May 07 2010
A Simple Rhubarb Puree
As the farmers' markets continue their spring time unveiling, you can now find rhubarb at many of the stands. Though rhubarb is often paired with strawberries and used in a variety of desserts (tortes, pastries, pies: yum!), it's actually a vegetable. Only the colorful stalks are edible; the leaves are full of oxalic acid.
Rhubarb is known for its sour taste and full flavor and range in color from pink to red to green. Their flavor is released by slowly cooking the stalks to release their sugar.
A few days ago, I picked up Deborah Madison's Seasonal Fruit Desserts. I have a feeling I'll be using her cookbook constantly this summer! Madison's recipes are simple and designed to showcase the fresh fruit in a variety of uncomplicated ways.
I chose to make one her rhubarb purees from the 20 or so stalks I picked up at Borough Hall Greenmarket.
The rhubarb simmers for 20 minutes, slowly breaking down into a rather stringy stew. The flavors emanating from the pot were the soothing kind--cinnamon, cloves, and oranges. Because I'm used to cooking with cloves in winter dishes and drinks such as mulled cider, the scent was a little disconcerting! The result, though, was both sweet and citric, topped with a dollop of homemade whipped cream!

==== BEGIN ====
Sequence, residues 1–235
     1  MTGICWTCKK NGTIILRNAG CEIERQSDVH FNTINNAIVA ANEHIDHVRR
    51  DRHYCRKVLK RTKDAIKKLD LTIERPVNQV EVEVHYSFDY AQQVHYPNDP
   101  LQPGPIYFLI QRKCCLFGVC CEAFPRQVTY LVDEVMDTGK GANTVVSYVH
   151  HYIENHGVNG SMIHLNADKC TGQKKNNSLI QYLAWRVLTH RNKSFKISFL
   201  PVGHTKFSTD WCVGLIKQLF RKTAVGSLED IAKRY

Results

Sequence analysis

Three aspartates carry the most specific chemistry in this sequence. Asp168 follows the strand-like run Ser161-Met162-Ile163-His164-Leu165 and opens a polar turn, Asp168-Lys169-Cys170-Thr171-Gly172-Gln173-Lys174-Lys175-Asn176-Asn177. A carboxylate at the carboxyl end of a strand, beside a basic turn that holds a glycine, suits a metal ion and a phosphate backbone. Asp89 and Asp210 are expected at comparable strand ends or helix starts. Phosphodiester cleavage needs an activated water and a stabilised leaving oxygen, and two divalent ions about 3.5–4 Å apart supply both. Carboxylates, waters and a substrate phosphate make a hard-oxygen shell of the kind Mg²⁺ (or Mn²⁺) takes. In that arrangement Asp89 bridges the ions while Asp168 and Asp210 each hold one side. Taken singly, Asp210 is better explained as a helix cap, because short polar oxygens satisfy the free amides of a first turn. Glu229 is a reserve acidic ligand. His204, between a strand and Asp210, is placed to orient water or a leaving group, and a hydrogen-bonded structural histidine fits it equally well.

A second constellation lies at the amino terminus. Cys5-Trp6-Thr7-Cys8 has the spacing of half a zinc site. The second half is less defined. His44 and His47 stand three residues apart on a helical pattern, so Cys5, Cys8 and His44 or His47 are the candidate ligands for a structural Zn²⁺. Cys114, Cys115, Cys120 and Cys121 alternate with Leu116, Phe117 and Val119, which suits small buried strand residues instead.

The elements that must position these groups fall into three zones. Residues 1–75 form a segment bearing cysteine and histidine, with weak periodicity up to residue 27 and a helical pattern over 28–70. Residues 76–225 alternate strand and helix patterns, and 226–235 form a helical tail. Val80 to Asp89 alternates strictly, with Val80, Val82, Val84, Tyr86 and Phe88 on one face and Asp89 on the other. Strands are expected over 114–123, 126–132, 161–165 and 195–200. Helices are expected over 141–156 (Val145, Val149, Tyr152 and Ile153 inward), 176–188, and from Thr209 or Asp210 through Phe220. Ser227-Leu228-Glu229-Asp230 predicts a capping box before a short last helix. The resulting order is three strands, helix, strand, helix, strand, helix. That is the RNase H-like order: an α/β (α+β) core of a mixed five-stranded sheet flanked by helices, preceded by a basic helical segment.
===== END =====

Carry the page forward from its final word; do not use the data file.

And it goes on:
Rhubarb Puree with Maple, Cinnamon, and Orange
Recipe Source: Seasonal Fruit Desserts
Makes 2 1/2 to 3 cups
2 1/2 pounds of red rhubarb
1 cup brown sugar
2 teaspoons grated orange zest
1/3 cup orange juice
1 teaspoon cinnamon
1/8 teaspoon cloves
Trim the end of the rhubarb. Chop them into 1 inch chunks and put them in a large saucepan with the sugar, zest, juice, cinnamon, and cloves.
Cook over medium heat until the rhubarb has broken down into a chunky puree (about 20 minutes).
Chill well and serve with a dollop of whipped cream.